96khz 24bit profiling

  • Use what you like mate, but why come on here bashing a product you don't intend to use?


    It's like everything in life some people will love it, others will find it's not for them for some reason. No big deal.

    ESP Ltd Sir Headly, Ibanez Jem 777vbk, Jem DNA replica, Ibanez JS24p, , ESP ltd V307, Dean Zero Punk, Ibanez rg1527, ESP LTD EC1000, Chapman ML3-RC Traben Phoenix 5, Avalon L25c Redwood.


    Kemper lunchbox, Atomic CLR, Kemper Remote, Digitech Whammey DT, line 6 relay g50, Dunlop dp3, moog ep3x2, Randall KH 4x12, Carlsbro Nu Tone head.

  • Speechless... for a while, and then I got to thinking about this, so here's what I've come up with, monotone, off the top of my head (which, thankfully at my age still isn't reflective; only what resides within is so):


    In an ambient, acoustic setting, yes the difference can be heard by some. This is due to the complexity of waveforms produced by flutter echoes' adding to and cancelling each other out as they combine (collide), and is obviously dependant upon room size and construction materials (reflective-surface composition and shape). Sum and difference frequencies produced by harmonics at the source can also far exceed 20kHz, and in isolation or without a 96kHz reference, most would surely feel nothing is missing; it's subtle after all. For acoustic guitar and especially percussive and brass instruments such as trumpet, which are harmonically-rich (particularly odd-order harmonics), it can reasonably be argued that the difference is one of a sense of presence, space and air. The closer the mic'ing technique, the less ambient space is available for these interactions to occur, whether pre or post early reflections.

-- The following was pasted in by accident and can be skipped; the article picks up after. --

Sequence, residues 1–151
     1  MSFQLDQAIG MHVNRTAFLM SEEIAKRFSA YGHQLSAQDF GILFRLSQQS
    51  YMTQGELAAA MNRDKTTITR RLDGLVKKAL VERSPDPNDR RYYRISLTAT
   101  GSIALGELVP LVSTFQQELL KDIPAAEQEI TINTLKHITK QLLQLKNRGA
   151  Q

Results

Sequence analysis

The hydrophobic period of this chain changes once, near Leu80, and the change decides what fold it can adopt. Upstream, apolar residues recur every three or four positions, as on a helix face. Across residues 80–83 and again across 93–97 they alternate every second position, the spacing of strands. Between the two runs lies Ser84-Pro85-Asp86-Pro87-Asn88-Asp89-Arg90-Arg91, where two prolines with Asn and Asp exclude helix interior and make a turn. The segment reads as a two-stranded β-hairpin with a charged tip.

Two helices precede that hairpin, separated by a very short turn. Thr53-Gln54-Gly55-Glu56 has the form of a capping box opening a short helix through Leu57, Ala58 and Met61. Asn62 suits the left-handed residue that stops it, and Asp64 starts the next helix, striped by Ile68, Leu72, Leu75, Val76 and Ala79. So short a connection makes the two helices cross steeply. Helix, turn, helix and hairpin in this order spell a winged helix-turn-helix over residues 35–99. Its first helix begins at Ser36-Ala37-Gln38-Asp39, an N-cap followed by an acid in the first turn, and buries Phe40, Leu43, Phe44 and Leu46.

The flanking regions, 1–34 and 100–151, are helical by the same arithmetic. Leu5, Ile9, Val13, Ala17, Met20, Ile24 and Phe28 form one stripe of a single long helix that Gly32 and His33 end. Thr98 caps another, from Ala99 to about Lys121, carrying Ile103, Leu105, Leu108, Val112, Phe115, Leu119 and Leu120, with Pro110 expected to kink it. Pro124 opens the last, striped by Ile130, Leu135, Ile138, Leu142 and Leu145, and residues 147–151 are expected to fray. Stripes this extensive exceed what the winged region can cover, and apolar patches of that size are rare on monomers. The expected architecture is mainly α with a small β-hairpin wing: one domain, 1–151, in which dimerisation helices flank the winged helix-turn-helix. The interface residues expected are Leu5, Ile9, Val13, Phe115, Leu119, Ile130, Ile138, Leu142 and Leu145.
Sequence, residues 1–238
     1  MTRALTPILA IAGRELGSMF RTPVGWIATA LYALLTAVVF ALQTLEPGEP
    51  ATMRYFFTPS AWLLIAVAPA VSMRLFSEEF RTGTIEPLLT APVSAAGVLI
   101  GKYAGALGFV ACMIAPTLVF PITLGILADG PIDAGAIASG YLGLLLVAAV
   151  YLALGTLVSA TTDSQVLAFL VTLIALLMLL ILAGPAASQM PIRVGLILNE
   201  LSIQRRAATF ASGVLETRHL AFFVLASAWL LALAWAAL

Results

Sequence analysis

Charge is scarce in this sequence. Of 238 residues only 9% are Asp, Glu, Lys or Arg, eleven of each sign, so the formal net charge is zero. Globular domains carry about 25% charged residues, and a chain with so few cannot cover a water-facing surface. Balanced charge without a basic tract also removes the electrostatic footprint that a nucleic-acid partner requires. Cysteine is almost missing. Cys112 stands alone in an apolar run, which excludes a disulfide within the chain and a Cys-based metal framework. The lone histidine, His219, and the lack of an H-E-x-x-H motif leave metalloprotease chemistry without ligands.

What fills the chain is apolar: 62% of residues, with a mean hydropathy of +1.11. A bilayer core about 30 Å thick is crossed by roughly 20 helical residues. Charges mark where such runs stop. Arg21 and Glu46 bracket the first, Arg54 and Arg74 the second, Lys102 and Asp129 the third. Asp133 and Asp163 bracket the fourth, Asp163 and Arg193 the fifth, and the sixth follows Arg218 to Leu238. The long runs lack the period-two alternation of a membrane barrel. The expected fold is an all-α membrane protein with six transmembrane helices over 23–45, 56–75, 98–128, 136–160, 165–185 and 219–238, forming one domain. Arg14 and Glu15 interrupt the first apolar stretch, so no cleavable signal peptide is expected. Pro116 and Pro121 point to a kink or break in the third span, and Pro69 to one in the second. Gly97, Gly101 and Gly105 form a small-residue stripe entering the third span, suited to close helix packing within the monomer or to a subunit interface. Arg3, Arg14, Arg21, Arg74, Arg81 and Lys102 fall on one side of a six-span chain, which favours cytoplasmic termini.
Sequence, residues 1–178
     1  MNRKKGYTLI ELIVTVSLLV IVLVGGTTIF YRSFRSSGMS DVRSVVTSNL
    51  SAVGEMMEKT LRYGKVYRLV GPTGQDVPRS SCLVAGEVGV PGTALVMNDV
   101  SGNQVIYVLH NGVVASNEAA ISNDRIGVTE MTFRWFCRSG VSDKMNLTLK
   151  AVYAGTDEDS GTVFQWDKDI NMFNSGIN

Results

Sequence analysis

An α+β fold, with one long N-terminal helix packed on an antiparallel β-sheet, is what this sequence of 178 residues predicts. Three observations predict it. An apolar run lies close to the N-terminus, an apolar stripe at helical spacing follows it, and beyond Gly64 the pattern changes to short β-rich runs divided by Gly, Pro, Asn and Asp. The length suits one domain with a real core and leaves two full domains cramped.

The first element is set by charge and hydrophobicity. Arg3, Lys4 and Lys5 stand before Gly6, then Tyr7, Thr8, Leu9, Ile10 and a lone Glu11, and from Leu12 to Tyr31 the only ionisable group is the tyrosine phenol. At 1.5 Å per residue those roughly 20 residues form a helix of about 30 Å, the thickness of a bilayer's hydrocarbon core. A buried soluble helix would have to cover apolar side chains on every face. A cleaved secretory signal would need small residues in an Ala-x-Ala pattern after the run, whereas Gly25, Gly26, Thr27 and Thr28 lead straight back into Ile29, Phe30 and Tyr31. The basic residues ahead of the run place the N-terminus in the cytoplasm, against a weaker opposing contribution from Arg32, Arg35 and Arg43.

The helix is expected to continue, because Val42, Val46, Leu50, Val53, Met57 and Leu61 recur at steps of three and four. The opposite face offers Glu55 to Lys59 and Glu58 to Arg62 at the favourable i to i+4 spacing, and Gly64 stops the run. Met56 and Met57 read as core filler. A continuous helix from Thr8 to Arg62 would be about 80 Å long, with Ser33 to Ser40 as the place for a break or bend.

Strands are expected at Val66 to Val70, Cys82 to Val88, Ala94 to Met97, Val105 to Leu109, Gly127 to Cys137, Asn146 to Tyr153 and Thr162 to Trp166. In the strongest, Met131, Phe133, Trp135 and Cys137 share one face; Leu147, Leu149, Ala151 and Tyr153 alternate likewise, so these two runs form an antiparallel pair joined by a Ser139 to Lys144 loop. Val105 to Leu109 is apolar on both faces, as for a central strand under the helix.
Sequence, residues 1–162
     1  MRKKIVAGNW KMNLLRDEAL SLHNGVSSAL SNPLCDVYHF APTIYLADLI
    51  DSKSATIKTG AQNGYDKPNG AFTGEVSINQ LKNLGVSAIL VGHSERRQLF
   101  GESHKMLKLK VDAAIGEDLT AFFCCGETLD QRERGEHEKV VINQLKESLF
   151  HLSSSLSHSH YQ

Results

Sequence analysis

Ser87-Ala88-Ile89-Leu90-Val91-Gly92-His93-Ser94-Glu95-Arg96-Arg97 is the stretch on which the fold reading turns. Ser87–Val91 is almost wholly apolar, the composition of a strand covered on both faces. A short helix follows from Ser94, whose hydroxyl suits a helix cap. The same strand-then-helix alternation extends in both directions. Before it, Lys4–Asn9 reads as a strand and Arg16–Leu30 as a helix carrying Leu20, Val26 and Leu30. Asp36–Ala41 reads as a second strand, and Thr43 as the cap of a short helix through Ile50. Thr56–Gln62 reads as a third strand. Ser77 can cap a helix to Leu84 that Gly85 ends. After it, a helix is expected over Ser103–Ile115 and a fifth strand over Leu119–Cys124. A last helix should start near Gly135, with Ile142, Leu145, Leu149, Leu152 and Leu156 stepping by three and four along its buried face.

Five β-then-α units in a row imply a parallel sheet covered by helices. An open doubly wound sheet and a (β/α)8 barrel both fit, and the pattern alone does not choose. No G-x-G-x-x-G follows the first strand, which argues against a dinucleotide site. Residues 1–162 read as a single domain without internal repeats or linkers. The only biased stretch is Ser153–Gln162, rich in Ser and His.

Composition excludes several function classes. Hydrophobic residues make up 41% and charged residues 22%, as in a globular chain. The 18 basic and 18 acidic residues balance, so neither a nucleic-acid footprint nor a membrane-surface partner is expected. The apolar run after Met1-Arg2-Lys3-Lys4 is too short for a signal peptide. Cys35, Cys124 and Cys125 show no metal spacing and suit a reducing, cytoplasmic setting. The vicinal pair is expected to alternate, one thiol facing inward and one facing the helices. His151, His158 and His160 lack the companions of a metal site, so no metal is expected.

Now, given what you've written, monotone, on the surface(!) it looks to me as if you either:


    1) Read about this somewhere and then, through confirmation bias, fuelled perhaps by the specs you read about the Kemper's outputs, believed you heard a compressed / squashed / smaller / less-airy sound than you might have otherwise. Note that it's acoustic, harmonically-rich (particularly odd-order harmonics such as produced by percussive hits and... trumpet) sources in ambient or distant-mic'd environments that the previous paragraph applies to.


    ... or


    2) Were affected by the Kemper's elimination of ambient bleed through the microphone/s.


    To clarify the second point, the Kemper's amp-profiled, cab-ified output is:


    1) Not going to produce frequencies above 20kHz, as is the case for any close-mic'd amp / cab combination in the real world.


    2) Not attempting to emulate distant mic'ing unless you employ onboard DSP, which is something that a discerning engineer such as yourself wouldn't dream of doing when you'd have at your disposal an arsenal of pro IR and algo-based 'verb plugs and hardware units that'd employ your favoured high sample rates, on which the extra CPU cycles are appropriate for high-end reproduction of complex acoustic reflections ('verb).